Half of UK financial services staff want shift to flexible working

04 November 2020 Consultancy.uk 4 min. read

More than one-quarter of finance workers want to work from home full time once Covid-19 passes, while one-in-ten are looking to relocate following the pandemic. While different generations within the workforce have historically held contrasting views on ways of working, the preference for more flexibility is consistent across age groups, suggesting the pandemic has already initiated a profound cultural shift.

A number of recent studies have shown that attitudes to remote working have changed drastically over the course of 2020. When the first lockdown wound down, 37% of people polled said they expected to work from home more than before. This may be a result of having become aware that the majority of their responsibilities were not contingent on sitting in the office – but it is also likely that many workers in that poll were wary of rushing back to work and exposing themselves to a dreaded second wave of Covid-19.

Further polling revealed that 60% of staff expected a return to regular work by the end of summer, but were feeling uncomfortable about it. Around 45% of respondents, meanwhile, said they were most concerned about bringing Covid-19 into their home. With no vaccine in sight to shield workers from the pandemic, and the number of daily new cases in Britain already rising swiftly in September, a sizeable portion of the labour market clearly felt it was being pushed back to work for the state of the economy, while a significant health risk remained.

Half of UK financial services staff want shift to flexible working

As the infection rate of the UK continues to boom, having hovered consistently at 20,000 new cases a day toward the end of October, those fears have surely been proven to be right. With the UK Government finally announcing plans for a second (albeit more lenient) lockdown, the shift in attitudes regarding home working are likely to become even further entrenched. According to a new study presented by KPMG and the Financial Services Skills Commission, this shift in norms is already particularly pronounced in the UK’s financial sector.

Polling conducted by intelligence firm Savanta – which surveyed 1,510 members of the UK workforce, including 632 employees working within financial services – shows one-in-two workers now want to continue to work from home for at least part of the week. Over the course of the UK’s first lockdown, the financial sector was able to successfully transition to a remote working model, with 78% of financial services workers surveyed saying they have worked effectively from home. As a result, more people now seem to regard a five-day week in the office as an unnecessary risk – not to mention a waste of time and resources.

Mel Newton, Head of Financial Services People Consulting at KPMG UK, commented, “Covid-19 has created a global shift in ways of working. With much of the workforce scattered across a variety of home-offices, kitchen tables, and spare bedrooms, this has presented both difficulty and, in some cases, welcome flexibility… [However], it is important to note that only half of the workforce want to continue working this way, and that clear division is important.”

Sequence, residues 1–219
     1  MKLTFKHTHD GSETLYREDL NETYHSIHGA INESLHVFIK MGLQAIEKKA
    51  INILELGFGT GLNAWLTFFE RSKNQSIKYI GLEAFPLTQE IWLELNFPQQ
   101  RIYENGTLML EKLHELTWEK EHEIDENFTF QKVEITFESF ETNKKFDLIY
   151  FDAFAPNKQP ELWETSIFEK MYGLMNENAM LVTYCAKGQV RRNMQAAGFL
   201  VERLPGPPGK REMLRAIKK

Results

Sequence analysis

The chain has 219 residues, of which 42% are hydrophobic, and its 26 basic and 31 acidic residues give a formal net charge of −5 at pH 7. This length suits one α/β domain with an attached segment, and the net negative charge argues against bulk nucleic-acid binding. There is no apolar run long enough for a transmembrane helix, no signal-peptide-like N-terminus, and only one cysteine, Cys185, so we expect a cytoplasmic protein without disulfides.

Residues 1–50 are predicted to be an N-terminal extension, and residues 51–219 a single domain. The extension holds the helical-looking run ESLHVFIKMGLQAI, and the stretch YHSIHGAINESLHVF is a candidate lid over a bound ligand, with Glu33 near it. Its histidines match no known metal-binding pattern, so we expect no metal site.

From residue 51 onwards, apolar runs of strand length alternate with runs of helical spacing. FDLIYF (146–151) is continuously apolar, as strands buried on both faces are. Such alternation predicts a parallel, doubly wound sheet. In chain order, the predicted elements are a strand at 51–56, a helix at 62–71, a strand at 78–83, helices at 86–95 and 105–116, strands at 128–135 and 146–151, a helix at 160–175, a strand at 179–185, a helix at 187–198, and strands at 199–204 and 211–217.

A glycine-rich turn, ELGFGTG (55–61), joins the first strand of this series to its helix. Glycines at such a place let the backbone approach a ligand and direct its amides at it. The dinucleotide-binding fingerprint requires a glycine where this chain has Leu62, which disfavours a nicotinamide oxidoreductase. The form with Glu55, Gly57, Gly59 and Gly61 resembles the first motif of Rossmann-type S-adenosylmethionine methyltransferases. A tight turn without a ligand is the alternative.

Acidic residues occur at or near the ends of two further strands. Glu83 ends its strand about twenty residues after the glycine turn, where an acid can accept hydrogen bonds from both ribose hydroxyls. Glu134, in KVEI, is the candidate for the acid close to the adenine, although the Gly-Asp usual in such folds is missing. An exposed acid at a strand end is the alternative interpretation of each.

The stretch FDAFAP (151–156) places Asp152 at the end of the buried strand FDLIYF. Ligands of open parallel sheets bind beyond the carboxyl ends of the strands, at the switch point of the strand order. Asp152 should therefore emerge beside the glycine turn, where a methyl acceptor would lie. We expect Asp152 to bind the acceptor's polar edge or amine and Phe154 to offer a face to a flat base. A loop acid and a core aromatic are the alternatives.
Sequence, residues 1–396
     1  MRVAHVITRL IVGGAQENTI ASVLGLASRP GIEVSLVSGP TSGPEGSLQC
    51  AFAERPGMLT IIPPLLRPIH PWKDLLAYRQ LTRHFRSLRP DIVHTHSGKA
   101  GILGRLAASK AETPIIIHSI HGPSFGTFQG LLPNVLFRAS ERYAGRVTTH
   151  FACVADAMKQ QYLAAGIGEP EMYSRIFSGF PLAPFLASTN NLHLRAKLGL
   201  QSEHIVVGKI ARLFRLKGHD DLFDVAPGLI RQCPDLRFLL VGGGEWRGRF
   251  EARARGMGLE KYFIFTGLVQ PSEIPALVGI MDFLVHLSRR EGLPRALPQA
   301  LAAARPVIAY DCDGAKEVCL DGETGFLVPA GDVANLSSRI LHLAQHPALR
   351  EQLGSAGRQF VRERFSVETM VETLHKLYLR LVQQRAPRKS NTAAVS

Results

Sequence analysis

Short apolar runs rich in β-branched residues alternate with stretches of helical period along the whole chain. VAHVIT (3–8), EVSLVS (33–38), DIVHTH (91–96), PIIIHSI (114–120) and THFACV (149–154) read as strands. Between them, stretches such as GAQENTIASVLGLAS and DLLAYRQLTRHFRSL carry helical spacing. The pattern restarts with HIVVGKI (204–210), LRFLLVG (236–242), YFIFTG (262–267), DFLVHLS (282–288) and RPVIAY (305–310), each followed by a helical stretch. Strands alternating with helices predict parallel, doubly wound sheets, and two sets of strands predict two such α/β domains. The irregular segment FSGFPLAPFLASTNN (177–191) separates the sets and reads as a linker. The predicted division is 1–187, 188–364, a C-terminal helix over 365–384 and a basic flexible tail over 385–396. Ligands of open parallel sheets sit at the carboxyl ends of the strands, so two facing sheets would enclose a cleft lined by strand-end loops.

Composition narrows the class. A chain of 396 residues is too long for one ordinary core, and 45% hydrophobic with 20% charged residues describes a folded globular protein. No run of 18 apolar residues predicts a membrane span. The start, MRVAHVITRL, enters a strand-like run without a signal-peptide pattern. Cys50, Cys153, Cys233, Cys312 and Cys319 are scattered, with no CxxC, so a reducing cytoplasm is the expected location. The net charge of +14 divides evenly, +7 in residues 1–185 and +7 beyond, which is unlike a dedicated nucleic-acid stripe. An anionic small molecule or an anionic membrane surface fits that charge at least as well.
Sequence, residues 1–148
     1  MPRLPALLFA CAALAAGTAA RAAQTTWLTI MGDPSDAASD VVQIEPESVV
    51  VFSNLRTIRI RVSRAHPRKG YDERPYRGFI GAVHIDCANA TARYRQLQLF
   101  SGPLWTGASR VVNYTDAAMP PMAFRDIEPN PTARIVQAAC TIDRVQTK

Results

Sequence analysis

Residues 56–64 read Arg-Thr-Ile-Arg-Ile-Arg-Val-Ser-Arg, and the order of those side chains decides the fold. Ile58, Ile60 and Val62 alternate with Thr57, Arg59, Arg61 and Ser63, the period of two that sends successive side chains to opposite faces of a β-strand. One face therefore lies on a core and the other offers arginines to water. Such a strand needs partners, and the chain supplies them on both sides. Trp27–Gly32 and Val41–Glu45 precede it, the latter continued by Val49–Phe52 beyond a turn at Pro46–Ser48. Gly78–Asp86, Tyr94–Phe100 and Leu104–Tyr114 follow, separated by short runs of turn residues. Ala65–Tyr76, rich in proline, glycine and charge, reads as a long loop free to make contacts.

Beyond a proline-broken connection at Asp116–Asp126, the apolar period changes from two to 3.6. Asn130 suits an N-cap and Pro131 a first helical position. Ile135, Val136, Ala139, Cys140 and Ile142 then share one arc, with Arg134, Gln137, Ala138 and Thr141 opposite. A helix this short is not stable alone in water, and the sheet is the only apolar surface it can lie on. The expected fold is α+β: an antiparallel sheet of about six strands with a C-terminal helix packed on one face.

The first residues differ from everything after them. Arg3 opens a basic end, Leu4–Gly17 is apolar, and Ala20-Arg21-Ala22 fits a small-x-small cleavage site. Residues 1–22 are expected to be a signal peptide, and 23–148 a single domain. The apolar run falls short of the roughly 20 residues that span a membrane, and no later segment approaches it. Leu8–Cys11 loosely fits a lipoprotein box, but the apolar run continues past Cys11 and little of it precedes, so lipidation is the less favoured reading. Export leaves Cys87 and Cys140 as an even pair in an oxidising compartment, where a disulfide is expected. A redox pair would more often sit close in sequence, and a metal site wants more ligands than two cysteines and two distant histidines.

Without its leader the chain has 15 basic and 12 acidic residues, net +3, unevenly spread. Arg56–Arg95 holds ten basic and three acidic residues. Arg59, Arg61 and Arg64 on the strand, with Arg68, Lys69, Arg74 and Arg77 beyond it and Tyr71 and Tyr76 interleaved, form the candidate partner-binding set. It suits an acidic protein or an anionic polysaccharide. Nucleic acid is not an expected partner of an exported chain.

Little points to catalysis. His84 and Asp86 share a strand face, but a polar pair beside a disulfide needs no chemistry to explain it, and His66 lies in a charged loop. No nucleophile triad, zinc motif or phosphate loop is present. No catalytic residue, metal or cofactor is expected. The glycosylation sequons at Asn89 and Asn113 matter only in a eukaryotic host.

According to Newton, the research also shows that “flexibility is more than just allowing people to work from home on the occasional Friday,” and rather what the future workforce wants is “personal choice.” For 26% of respondents, for example, the new ways of working adopted during lockdown have been so positive that they are keen to work from home full-time. Some are considering even more significant changes, with 13% looking for a change of location, be that home or office, after the pandemic. As a result, Newton warned employers that they will only “make the best of their talent if they employ them more thoughtfully.”

Illustrating this, KPMG and the Financial Services Skills Commission state that 53% of financial services workers aged 31-45 are most driven to work more flexibly, while 28% of workers under 30 keen to extend this even further to working from home permanently. However, while many research pieces find that different generations within the workforce hold contrasting views on ways of working, the preference for at least some flexibility is consistent across all age groups.

In order to facilitate any such change, however, employers will also need to help their workforce improve their digital and practical skillsets. Around 30% of respondents told researchers they need more digital expertise, while only a quarter have been offered digital training by their employers – and 21% said they are relying on different management and leadership skills while working remotely, yet only 17% have been offered training on it.

Claire Tunley, CEO at Financial Services Skills Commission, remarked, “The last few months has brought the skills challenges facing the UK financial services sector into greater focus. As we have experienced a huge leap forwards in digitisation and remote working, the need to upskill our employees in digital and technological expertise is more important than ever. Increased investment in our employees’ future skills, alongside a sophisticated remote and flexible working offer, will help the UK financial services firms address the skills crisis the sector has been facing, attract talent, and position it for a successful future.”